The Amish are a distinctive group within the Anabaptist movement, which began in Switzerland in 1525. Anabaptists stressed the separation of church and state, voluntary church membership by adult baptism, pacifism, and isolation from worldly corruption. The movement spread rapidly but encountered severe persecution. In 1693, Jakob Ammann, a Swiss Anabaptist Church leader, sought to revitalize the Anabaptist movement. He forbade the trimming of beards and the wearing of fashionable dress. Ammann’s disciples, eventually known as Amish, first settled in Pennsylvania in the 1700s.
The Amish attiude toward tourism is “a love-hate affair,” says Donald B. Kraybill, senior fellow emeritus at the Young Center at Pennsylvania’s Elizabethtown College. It complicates their lives, for example, creating more road traffic for their horse-drawn buggies and sometimes making them feel like animals in a zoo, “with everyone staring at them and asking them questions,” he says.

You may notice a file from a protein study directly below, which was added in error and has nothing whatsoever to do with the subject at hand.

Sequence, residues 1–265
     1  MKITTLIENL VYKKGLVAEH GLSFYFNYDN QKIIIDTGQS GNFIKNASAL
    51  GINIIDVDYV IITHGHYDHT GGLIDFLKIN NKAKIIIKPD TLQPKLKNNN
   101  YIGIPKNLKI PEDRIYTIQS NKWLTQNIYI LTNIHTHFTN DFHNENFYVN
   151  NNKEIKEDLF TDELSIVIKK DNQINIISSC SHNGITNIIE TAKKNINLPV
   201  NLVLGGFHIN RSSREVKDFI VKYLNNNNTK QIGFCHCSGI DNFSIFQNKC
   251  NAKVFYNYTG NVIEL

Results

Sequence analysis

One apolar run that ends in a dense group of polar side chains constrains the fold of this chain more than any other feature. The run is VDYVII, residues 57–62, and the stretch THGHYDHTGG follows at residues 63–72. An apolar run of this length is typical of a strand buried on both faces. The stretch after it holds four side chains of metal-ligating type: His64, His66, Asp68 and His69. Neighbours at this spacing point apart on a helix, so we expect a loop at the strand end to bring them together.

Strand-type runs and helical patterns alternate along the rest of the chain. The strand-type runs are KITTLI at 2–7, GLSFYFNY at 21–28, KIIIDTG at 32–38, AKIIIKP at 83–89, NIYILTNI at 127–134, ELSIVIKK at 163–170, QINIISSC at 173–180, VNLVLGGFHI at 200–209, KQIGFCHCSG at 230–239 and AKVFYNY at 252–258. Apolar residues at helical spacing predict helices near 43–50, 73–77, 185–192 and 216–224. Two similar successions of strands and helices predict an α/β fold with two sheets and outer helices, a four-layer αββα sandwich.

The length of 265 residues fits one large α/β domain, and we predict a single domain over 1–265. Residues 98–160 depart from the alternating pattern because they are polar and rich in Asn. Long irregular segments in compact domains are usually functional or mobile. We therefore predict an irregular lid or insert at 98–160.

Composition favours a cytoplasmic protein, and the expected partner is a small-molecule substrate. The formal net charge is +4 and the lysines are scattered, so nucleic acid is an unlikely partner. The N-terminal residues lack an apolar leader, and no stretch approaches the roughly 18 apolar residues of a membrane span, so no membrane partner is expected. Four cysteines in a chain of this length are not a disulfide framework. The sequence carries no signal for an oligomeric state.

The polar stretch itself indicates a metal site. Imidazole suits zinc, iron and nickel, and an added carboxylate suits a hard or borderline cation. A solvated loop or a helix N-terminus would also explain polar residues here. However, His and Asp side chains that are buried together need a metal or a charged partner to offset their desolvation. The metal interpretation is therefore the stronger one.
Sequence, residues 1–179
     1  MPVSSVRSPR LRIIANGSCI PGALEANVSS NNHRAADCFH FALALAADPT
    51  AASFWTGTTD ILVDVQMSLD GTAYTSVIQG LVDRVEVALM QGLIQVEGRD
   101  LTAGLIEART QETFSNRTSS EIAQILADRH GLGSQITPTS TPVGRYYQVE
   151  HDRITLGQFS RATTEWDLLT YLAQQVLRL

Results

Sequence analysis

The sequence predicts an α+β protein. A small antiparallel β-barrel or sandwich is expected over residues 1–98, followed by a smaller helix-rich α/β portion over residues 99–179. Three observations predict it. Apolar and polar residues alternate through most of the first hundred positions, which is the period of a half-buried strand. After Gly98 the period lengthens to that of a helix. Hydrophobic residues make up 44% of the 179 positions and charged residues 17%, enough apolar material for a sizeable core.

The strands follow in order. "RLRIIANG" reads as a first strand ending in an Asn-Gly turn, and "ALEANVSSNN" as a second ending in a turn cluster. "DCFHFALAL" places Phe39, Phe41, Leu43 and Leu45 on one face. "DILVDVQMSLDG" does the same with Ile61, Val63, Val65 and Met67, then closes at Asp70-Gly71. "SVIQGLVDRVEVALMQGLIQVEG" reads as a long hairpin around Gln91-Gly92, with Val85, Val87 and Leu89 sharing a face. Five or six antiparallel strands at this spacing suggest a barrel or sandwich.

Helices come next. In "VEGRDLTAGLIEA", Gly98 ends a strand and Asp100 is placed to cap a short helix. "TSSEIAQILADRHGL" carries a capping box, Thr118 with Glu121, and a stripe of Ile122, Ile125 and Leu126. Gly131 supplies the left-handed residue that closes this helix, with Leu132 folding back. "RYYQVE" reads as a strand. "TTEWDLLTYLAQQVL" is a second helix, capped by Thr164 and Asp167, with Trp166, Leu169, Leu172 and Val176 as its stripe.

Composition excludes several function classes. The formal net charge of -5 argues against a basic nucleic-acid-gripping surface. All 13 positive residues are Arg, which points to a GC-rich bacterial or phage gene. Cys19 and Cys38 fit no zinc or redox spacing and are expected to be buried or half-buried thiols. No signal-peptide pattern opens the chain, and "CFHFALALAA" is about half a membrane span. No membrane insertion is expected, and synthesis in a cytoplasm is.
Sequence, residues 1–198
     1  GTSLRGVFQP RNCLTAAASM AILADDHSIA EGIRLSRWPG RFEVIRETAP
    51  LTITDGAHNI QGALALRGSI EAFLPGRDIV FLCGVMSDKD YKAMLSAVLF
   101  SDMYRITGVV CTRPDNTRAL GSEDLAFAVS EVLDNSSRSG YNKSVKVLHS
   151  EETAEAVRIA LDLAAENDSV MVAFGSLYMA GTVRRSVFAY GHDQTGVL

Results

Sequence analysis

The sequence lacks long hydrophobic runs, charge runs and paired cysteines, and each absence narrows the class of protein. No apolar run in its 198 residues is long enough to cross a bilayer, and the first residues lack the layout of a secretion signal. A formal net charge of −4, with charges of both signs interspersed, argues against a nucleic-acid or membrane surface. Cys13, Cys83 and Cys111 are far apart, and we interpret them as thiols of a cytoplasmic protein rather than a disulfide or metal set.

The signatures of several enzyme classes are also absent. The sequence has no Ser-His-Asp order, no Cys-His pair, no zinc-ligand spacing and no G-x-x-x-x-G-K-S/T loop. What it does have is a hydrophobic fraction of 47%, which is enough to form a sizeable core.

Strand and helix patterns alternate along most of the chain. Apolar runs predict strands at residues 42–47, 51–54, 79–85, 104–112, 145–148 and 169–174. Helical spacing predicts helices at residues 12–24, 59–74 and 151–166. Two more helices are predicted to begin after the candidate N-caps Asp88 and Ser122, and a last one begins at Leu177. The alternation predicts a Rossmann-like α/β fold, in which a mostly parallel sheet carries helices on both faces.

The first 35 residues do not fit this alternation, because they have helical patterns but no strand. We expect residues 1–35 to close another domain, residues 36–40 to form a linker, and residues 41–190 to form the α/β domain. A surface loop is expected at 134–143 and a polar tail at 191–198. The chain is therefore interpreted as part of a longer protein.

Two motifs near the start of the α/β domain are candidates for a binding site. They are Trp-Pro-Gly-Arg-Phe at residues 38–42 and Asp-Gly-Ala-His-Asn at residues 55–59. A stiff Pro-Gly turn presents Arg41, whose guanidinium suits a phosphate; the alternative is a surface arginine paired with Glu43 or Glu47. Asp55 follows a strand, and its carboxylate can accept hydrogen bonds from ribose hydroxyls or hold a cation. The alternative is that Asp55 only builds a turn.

However, they certainly benefit from tourism financially, and it’s one of the many businesses—from farming to construction-related trades—where the Amish and non-Amish interact. “They’re not strict separatists,” Kraybill says.
According to Joel Cliff at Discover Lancaster, the region’s estimated 40,000 Amish are a large and active part of the county’s $3 billion tourism industry—operating farm stays, selling handcrafted furniture, running buggy rides, and more. In 2019, visitors cited learning about the Amish as the top reason for visiting.